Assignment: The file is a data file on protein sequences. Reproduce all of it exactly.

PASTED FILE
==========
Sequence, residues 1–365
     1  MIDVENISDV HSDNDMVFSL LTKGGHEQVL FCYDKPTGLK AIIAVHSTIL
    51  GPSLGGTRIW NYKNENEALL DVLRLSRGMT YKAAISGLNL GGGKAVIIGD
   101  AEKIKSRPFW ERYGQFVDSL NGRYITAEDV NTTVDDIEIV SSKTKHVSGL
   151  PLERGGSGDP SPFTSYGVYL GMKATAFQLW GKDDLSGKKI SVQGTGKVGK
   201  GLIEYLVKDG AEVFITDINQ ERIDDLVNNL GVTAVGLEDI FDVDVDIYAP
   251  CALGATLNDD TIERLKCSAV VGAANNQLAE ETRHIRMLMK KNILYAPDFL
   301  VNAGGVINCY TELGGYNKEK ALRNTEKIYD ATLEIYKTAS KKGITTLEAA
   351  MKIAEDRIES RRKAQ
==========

Sequence, residues 1–365
     1  MIDVENISDV HSDNDMVFSL LTKGGHEQVL FCYDKPTGLK AIIAVHSTIL
    51  GPSLGGTRIW NYKNENEALL DVLRLSRGMT YKAAISGLNL GGGKAVIIGD
   101  AEKIKSRPFW ERYGQFVDSL NGRYITAEDV NTTVDDIEIV SSKTKHVSGL
   151  PLERGGSGDP SPFTSYGVYL GMKATAFQLW GKDDLSGKKI SVQGTGKVGK
   201  GLIEYLVKDG AEVFITDINQ ERIDDLVNNL GVTAVGLEDI FDVDVDIYAP
   251  CALGATLNDD TIERLKCSAV VGAANNQLAE ETRHIRMLMK KNILYAPDFL
   301  VNAGGVINCY TELGGYNKEK ALRNTEKIYD ATLEIYKTAS KKGITTLEAA
   351  MKIAEDRIES RRKAQ